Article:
Run-over whale washes up on north jetty

Published in Chinook Observer, April 22, 2009
The photo is was also published in the newspaper-
Photo courtesy of Seaside Aquarium/Tiffany Boothe
CAPE DISAPPOINTMENT - A sad story from Tiffany Boothe at the Seaside Aquarium: "A gray whale, pictured right, washed ashore Saturday, April 4. It was a sub-adult male measuring 30 feet. A preliminary look at the animal indicated that it was struck by a ship." The whale was found in Ilwaco and a necropsy was done April 11.

Worse yet, Boothe said, "because the beach was so rocky there was nothing that they could do to dispose of the carcass ... Usually, when they wash ashore on sandy beaches, we will bury them - or, when it is possible, we will move the whale to a location where it can be buried.

"A couple of years ago a gray whale washed in around the pilings near Safeway in Astoria. We were able to get a tug to move the whale to Social Security Beach where we could bury it. However, there is no way we can get a boat to tow this guy out, the water is too shallow and the rocks are too big."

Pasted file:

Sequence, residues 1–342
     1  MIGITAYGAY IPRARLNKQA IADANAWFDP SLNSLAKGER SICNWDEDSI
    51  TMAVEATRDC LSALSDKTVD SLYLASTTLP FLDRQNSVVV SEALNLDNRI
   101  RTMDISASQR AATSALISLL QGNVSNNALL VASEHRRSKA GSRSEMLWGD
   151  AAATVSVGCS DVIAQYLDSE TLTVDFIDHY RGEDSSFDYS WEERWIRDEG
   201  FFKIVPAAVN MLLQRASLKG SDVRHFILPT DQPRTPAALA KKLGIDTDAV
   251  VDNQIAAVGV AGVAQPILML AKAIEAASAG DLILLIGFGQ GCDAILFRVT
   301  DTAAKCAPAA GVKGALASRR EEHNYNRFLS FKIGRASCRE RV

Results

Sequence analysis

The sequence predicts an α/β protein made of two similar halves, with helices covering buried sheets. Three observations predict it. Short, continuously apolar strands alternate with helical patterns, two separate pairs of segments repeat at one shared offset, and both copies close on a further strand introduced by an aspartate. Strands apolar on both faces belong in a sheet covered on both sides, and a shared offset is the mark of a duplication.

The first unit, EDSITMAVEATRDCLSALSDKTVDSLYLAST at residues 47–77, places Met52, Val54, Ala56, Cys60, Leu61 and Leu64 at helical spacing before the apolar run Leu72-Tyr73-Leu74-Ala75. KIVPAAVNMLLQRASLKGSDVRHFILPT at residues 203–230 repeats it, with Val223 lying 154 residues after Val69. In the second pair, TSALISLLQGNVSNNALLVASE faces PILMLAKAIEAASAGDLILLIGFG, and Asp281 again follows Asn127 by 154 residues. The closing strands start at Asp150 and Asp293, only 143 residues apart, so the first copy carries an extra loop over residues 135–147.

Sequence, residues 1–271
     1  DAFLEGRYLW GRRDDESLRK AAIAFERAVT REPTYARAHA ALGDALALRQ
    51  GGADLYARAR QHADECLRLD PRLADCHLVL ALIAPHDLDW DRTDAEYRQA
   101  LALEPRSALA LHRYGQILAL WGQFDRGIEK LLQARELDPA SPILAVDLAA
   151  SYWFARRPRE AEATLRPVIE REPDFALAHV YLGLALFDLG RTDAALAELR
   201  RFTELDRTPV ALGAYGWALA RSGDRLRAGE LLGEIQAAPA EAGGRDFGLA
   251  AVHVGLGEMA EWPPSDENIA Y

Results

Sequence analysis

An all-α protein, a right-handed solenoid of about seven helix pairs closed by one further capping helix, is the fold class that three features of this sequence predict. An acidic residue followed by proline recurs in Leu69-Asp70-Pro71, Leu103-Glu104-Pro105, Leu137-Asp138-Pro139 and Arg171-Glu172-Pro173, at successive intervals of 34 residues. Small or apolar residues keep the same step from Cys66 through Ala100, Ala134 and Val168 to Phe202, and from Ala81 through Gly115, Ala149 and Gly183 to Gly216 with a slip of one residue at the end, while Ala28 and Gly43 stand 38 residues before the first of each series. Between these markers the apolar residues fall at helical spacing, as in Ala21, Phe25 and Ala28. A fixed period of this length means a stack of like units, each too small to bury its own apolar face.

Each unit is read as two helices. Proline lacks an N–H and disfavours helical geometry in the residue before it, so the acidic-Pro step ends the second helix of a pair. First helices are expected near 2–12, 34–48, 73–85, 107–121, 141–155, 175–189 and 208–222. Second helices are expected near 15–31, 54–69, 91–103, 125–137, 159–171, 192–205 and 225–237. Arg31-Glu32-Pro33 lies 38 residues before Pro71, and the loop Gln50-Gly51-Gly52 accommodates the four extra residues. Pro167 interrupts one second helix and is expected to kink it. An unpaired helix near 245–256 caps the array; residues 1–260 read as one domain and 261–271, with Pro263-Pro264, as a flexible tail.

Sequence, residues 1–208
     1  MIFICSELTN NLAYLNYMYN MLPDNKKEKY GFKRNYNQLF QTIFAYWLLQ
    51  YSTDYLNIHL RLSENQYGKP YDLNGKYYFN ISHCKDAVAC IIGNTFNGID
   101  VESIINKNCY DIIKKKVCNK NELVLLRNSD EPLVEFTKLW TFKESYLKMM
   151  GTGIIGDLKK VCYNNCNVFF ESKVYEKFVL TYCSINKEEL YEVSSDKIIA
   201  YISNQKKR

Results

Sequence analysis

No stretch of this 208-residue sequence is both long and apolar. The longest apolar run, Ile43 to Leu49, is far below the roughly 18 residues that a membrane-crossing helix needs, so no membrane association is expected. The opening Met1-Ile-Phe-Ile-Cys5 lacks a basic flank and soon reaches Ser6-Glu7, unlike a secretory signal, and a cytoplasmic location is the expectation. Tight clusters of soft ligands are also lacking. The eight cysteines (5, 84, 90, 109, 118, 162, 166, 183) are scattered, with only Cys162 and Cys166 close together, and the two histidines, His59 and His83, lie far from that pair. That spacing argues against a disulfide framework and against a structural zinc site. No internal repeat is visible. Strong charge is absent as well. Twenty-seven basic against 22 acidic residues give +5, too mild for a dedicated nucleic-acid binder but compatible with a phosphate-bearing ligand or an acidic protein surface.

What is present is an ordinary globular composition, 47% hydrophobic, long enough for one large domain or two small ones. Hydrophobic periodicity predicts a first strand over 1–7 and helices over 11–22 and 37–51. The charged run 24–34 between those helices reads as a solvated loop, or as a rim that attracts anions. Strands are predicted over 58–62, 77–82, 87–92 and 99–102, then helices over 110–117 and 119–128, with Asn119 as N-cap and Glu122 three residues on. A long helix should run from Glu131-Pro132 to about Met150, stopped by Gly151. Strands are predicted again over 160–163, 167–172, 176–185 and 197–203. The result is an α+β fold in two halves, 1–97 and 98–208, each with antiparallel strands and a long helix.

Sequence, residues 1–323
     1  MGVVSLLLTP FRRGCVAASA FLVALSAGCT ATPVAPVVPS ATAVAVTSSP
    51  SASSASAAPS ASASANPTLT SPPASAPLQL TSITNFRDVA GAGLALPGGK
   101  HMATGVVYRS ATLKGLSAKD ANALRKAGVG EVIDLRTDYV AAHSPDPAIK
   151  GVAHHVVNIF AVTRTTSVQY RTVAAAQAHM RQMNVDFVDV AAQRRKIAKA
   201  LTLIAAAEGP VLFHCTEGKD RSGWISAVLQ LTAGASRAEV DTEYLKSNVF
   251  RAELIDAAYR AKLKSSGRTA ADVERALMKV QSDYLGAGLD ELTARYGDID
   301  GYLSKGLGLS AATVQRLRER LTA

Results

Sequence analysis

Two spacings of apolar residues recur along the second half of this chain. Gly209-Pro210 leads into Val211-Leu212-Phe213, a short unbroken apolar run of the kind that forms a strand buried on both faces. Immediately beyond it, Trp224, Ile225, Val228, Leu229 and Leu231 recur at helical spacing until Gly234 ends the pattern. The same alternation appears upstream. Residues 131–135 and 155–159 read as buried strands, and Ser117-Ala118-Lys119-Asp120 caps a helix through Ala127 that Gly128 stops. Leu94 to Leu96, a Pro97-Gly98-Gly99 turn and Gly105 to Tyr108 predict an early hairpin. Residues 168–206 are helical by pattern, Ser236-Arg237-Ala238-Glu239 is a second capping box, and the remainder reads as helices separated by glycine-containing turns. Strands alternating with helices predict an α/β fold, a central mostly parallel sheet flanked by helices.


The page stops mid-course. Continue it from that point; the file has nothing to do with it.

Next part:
Scientific reports state that more and more whales are dying from collisions with ships.

"Nearly 80,000 ships weighing more than 100 tons travel the world's oceans - each one easily capable of crushing a whale. In some waterways, vessel collisions account for the demise of between one-third to half of all whales found floating at sea, washed up on beaches, or carried into port on the bow of a ship," according to the Earth Island Institute.

Cape Disappointment State Park reported that a large number of eagles gathered to dine on the decaying whale last week.